Washington, DC – After what many see as a disappointing April jobs report, state officials in at least 11 states are threatening to cancel the additional $300 per week added unemployment benefits passed in the American Rescue Plan. These benefits, paid for solely by the federal government, are set to expire in September 2021. Governors are attacking the generous unemployment compensation and plan to end the additional subsidy in June. Below are the states that might see pandemic unemployment benefits cut before the rest of the country:
|State||Benefit End Date|
|Alabama||June 19, 2021|
|Arizona||July 10, 2021|
|Arkansas||June 26, 2021|
|Georgia||June 26, 2021|
|Idaho||June 19, 2021|
|Iowa||June 12, 2021|
|Mississippi||June 12, 2021|
|Missouri||June 12, 2021|
|Montana||June 27, 2021|
|North Dakota||June 19, 2021|
|Ohio||June 26, 2021|
|South Carolina||June 30, 2021|
|South Dakota||June 26, 2021|
|Tennessee||July 3, 2021|
|Utah||June 26, 2021|
|Wyoming||June 19, 2021|
|All other states||September 6, 2021|
The first pandemic economic recovery bills, passed in bipartisan efforts in 2020, supplemented unemployment compensation benefits with additional federal support of first $600 then $300 to stabilize the US economy and avoid a depression. The new Biden administration bolstered this critical unemployment fund in March 2021 with the passage of the American Rescue Plan, which provided $300 a week in from the unemployment compensation fund through September 2021. After what some consider to be a disappointing April jobs report, some legislators and Governors have stepped up to demonize the program, though economists have reported that these concerns about “too generous” benefits are simply not true.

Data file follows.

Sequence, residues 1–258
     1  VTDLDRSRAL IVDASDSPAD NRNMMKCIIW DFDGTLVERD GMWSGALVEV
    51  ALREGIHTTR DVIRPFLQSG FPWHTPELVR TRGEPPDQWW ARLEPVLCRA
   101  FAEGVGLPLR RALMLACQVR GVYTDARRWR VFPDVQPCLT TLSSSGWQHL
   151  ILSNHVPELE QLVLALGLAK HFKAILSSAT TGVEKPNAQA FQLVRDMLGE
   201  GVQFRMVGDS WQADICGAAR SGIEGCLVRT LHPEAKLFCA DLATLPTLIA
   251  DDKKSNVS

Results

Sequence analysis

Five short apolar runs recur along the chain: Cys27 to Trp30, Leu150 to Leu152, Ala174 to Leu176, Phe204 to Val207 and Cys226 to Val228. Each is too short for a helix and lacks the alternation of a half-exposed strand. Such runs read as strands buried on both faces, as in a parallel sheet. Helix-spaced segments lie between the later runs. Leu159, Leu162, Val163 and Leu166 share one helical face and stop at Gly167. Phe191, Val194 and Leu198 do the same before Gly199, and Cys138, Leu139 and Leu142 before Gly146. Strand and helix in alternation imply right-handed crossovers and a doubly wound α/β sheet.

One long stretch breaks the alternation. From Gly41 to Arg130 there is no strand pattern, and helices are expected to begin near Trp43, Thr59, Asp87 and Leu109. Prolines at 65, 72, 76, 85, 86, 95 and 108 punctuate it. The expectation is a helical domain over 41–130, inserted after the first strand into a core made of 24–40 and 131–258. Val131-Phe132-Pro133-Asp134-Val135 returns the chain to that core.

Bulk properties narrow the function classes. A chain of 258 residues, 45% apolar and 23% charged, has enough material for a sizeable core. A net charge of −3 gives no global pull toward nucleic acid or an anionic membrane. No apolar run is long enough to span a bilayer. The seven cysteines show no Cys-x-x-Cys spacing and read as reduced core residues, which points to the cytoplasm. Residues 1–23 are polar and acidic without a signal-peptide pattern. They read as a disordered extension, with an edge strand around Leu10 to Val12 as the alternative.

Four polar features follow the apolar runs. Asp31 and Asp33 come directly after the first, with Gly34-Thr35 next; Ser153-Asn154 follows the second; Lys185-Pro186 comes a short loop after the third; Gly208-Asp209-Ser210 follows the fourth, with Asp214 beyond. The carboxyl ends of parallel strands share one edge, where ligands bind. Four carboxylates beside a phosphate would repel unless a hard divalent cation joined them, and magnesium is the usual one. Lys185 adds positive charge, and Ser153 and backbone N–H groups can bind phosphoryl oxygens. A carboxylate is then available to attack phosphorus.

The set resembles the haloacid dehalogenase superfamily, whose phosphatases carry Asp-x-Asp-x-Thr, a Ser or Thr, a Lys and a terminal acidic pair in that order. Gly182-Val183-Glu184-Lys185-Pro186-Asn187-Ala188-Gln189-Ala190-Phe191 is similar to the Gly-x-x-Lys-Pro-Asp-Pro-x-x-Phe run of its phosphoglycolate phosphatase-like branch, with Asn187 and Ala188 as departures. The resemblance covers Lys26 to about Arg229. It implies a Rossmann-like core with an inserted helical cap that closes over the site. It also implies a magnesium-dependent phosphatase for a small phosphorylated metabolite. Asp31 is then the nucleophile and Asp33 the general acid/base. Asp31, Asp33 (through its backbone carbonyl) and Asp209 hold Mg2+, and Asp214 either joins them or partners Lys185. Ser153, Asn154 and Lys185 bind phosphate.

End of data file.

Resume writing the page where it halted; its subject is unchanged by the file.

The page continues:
Why you should take action:
The economy IS recovering with help of the American Rescue Plan, and recovery packages passed in 2020. Unemployment benefits, just like basic income programs, infuse money into the local economy. Households use the extra income to pay rent and utilities or to buy food and clothes for their kids. Here are more facts about the April jobs report and unemployment (thanks to our friends at the Economic Policy Institute):
- Low-wage sectors—where workers are receiving a higher share of their prior income than in other sectors—saw much faster job growth than higher-wage sectors in April. This is exactly the opposite of what you’d expect to see if the $300 per week was keeping people from working.
- Labor force participation rose rapidly in April, but the gains were all among men—women actually lost ground. Given that women still shoulder the lion’s share of caregiving responsibilities, this points to care needs being the thing holding back labor supply, not unemployment benefits.
- The disappointing net job gains in April were not due to a slowdown in hiring—hiring actually rose. The disappointing April job gains were due to a large increase in layoffs and other job separations among women (most often care-givers, especially for kids where schools are not yet open).
- Millions of workers still have legitimate health concerns about returning to work. But numbers show that for every 10% increase adults being fully vaccinated is associated with a 1.1 percentage point increase in employment. (Aaron Sojourner, Labor Economist)
Businesses are slowly opening, and will continue to do so after the CDC’s announcement that fully vaccinated people can resume most pre-pandemic activities. It will take time to get the economy back up and running. In the meantime, contact your Governor to say, “Don’t cut off unemployment! It puts needed cash in the pockets of hurting families, and helps stimulate our local economy!”
Extra cash has contributed to the economy rebounding, and taking away the benefits damages the ability for people to pay the rent or provide food. This philosophy will not incentivize Americans to return to work, but instead will further divide this country. Tell your Governor to #SaveUnemployment!